Nicholas Hawksmoor (probably 1661 – 25 March 1736) was a British architect born in Nottinghamshire, probably in East Drayton or Ragnall.
Hawksmoor was born in Nottinghamshire in 1661, into a yeoman farming family, almost certainly in East Drayton or Ragnall, Nottinghamshire. On his death he was to leave property at nearby Ragnall, Dunham and a house and land at Great Drayton. It is not known where he received his schooling, but it was probably in more than basic literacy. George Vertue, whose family had property in Hawksmoor’s part of Nottingham shire, wrote in 1731 that he was taken as a youth to act as clerk by ‘Justice Mellust in Yorkshire, where Mr Gouge senior did some fretwork ceilings afterwards Mr. Haukesmore [sic] came to London, became clerk to Sr. Christopher Wren & thence became an Architect.’
Wren who hearing of his ‘early skill and genius’ for architecture, took him as his clerk at about the age of 18. His early drawings in a sketch-book, containing sketches and notes some dated 1680 and 1683, of buildings in Nottingham, Coventry, Warwick, Bath, Bristol, Oxford and Northampton. His somewhat amateur drawings, now in the Royal Institute of British Architects Drawings Collection, shows that he was still learning the techniques of his new profession at the age of 22. His first official post was as Deputy Surveyor to Wren at the Winchester Palace from 1683 until February 1685. Hawksmoor’s signature appears on a brickmaker’s contract for Winchester Palace in November 1684. Wren was paying him 2 shillings a day in 1685 as assistant in his office in Whitehall.
From about 1684 to about 1700, Hawksmoor worked with Christopher Wren on projects, including Chelsea Hospital, St. Paul’s Cathedral, Hampton Court Palace and Greenwich Hospital. Thanks to Wren’s influence as Surveyor-General, Hawksmoor was named Clerk of the Works at Kensington Palace (1689) and Deputy Surveyor of Works at Greenwich (1705). In 1718, when Wren was superseded by the new, amateur Surveyor, William Benson, Hawksmoor was deprived of his double post to provide places for Benson’s brother. “Poor Hawksmoor,” wrote Vanbrugh in 1721. “What a Barbarous Age have his fine, ingenious Parts fallen into. What wou’d Monsr: Colbert in France have given for such a man?” Only in 1726 after William Benson’s successor Hewett died, Hawksmoor was restored to secretaryship, though not the Clerkship of the works – this post was given to Filtcroft. In 1696, Hawksmoor was appointed surveyor to the Commissioners of Sewers for Westminster, but was dismissed in 1700, “‘having neglected’ to attend the Court several days last past.”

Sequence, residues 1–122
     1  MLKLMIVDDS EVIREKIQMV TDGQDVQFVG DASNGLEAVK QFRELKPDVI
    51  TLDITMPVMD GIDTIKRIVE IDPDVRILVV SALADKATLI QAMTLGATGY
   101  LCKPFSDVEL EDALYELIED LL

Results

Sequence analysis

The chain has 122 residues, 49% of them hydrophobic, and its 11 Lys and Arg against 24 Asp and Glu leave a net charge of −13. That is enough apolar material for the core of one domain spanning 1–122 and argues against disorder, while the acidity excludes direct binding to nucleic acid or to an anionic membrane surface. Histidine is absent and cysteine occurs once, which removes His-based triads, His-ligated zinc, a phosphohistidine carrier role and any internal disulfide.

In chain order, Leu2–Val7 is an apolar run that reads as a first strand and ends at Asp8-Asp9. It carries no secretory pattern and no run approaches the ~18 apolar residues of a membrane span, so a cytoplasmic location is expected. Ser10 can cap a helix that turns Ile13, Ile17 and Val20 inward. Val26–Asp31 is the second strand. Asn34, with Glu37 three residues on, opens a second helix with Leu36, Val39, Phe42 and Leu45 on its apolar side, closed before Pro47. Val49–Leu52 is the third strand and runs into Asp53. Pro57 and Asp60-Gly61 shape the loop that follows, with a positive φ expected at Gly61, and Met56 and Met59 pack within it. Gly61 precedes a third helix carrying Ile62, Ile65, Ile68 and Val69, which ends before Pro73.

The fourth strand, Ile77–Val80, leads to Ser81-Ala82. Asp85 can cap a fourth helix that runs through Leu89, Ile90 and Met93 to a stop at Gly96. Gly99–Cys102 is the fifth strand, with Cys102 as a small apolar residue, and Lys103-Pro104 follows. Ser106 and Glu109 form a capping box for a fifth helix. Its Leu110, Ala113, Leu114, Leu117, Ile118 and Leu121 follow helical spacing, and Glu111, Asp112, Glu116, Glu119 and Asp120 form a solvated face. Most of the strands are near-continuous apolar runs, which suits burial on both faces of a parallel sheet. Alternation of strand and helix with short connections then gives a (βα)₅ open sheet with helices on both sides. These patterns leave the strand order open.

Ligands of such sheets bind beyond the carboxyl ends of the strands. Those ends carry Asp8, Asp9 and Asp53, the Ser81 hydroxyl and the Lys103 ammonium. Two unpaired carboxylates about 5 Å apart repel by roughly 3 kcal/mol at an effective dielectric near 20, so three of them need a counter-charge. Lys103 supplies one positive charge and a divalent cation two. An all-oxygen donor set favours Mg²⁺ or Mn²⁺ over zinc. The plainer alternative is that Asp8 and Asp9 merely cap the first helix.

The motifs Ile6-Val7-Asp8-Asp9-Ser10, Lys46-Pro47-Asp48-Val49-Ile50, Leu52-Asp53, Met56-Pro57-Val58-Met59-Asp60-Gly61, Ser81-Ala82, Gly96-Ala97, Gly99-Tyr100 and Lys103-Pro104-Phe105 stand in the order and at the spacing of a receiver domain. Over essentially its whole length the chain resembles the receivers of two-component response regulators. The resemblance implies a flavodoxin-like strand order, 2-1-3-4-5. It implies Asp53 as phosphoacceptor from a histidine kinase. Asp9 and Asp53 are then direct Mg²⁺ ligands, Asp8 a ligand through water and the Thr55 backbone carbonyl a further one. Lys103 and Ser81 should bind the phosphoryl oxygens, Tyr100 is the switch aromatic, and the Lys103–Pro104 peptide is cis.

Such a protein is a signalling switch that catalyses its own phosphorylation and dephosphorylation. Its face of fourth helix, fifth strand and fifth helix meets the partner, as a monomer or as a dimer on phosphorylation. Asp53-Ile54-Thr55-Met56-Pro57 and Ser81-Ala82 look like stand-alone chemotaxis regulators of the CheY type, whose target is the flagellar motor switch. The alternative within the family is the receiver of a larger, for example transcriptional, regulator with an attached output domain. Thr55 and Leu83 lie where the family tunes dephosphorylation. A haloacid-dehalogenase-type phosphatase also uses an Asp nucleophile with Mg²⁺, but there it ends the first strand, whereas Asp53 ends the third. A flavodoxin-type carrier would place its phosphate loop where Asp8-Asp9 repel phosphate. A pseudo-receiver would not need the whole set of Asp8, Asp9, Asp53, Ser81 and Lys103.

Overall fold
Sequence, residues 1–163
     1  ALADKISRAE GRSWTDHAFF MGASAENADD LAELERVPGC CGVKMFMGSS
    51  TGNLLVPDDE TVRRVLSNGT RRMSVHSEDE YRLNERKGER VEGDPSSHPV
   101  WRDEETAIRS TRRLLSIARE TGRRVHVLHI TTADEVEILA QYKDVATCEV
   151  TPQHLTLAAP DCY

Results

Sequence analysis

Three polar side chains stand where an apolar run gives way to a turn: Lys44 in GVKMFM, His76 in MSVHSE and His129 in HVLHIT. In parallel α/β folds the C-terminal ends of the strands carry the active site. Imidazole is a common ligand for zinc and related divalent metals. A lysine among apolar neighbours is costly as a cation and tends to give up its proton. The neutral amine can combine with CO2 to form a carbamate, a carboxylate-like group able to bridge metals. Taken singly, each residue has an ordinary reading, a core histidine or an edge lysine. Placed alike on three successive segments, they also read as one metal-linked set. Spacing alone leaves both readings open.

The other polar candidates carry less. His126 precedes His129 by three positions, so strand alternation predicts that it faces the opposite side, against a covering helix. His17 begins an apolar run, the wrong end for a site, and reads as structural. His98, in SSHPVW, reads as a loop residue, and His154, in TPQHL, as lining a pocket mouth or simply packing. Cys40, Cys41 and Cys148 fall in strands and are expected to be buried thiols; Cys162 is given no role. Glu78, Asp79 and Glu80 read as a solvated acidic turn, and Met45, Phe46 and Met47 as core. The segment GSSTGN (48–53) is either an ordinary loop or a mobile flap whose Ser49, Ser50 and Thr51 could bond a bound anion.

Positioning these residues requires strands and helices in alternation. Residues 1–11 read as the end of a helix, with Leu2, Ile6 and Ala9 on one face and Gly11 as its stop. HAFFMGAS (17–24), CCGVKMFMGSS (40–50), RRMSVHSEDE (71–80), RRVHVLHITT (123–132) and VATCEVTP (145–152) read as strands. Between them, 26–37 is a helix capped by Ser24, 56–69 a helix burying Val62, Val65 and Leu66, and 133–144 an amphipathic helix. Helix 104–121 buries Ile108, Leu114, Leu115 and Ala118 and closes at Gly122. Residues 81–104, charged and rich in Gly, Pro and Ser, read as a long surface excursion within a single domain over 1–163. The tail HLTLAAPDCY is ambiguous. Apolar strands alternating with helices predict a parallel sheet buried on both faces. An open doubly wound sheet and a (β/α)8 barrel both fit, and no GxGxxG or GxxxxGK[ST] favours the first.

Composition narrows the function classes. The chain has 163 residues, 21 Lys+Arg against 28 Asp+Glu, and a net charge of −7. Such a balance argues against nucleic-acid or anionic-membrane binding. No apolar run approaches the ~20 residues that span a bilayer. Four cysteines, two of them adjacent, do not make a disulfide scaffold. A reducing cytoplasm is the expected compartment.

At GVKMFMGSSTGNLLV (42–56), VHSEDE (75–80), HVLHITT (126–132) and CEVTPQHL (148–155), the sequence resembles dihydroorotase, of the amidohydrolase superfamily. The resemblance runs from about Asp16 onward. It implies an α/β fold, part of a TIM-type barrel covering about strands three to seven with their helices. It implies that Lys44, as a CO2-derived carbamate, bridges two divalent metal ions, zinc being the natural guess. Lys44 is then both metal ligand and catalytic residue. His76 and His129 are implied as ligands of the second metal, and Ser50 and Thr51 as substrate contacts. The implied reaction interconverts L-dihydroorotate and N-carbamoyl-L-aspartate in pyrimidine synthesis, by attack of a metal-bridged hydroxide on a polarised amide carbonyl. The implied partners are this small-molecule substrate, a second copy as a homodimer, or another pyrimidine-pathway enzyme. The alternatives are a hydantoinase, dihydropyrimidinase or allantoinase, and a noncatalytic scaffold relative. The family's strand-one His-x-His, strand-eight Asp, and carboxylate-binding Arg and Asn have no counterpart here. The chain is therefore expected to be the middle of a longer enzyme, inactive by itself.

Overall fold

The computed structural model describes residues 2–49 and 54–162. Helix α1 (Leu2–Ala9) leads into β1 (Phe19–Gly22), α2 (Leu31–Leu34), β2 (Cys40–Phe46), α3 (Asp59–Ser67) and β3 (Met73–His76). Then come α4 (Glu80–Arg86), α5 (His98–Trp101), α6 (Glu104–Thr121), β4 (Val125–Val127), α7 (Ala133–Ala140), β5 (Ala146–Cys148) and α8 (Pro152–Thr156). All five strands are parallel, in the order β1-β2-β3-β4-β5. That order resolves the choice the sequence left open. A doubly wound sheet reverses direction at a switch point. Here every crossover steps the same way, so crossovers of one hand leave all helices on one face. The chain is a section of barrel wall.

He then worked for a time with Sir John Vanbrugh, helping him build Blenheim Palace for John Churchill, 1st Duke of Marlborough, where he took charge from 1705, after Vanbrugh’s final break with the demanding Duchess of Marlborough, and Castle Howard for Charles Howard, later the 3rd Earl of Carlisle. In July 1721 John Vanbrugh made Hawksmoor his deputy as Comptroller of the Works. There is no doubt that Hawksmoor brought to the brilliant amateur the professional grounding he had received from Wren, but it is also arguable that Wren’s architectural development was from the persuasion of his formal pupil, Hawksmoor.
By 1700, Hawksmoor emerged with a major architectural personality, and in the next 20 years he proved himself to be one of the great masters of the English Baroque. His baroque, but somewhat classical and gothic architectural form was derived from his exploration of Antiquity, the Renaissance, the English Middle Ages and contemporary Italian baroque. Unlike many of his wealthier contemporaries, Hawksmoor never travelled to Italy on a Grand Tour, where he might have been influenced by the style of architecture there. Instead he studied engravings especially monuments of ancient Rome and reconstructions of the Temple of Solomon.
In 1702, Hawksmoor designed the baroque country house of Easton Neston in Northamptonshire for Sir William Fermor. This is the only country house for which he was the sole architect, though he extensively remodelled Ockham House, now mostly destroyed, for the Lord Chief Justice King). Easton Neston was not completed as he intended, the symmetrical flanking wings and entrance colonnade, very much in the style of John Vanbrugh, remaining unexecuted.
As he neared the age of 50, his creativeness was received by two universities, Oxford and Cambridge. In 1713, Hawksmoor was commissioned to complete King’s College, Cambridge: the scheme consisted of a Fellows’ Building along King’s Parade, and opposite the Chapel a monumental range of buildings containing the Great Hall, kitchens and to the south of that the library and Provost’s Lodge. Wooden models and plans of the scheme survive, but it proved too expensive and Hawksmoor produced a second scaled down design. But the college that had invested heavily in the South Sea Company lost their money when the ‘bubble’ burst in 1720. The result was that Hawksmoor’s scheme would never be executed, the college was finished later in the 18th century by James Gibbs and early in the 19th century by William Wilkins. In 1690s, Hawksmoor gave proposals for the library of the Queen’s College, Oxford. However like many of his proposals for both universities, such as All Souls College, The Radcliffe Library, Brasenose College, Magdalen College Oxford, was not executed.After the death of Wren in 1723, Hawksmoor was appointed Surveyor to Westminster Abbey. This post received 100 pounds voted by Parliament for the repair and completion of the Abbey in 1698. The west towers of the Abbey were designed by Hawksmoor but was not completed until after his death.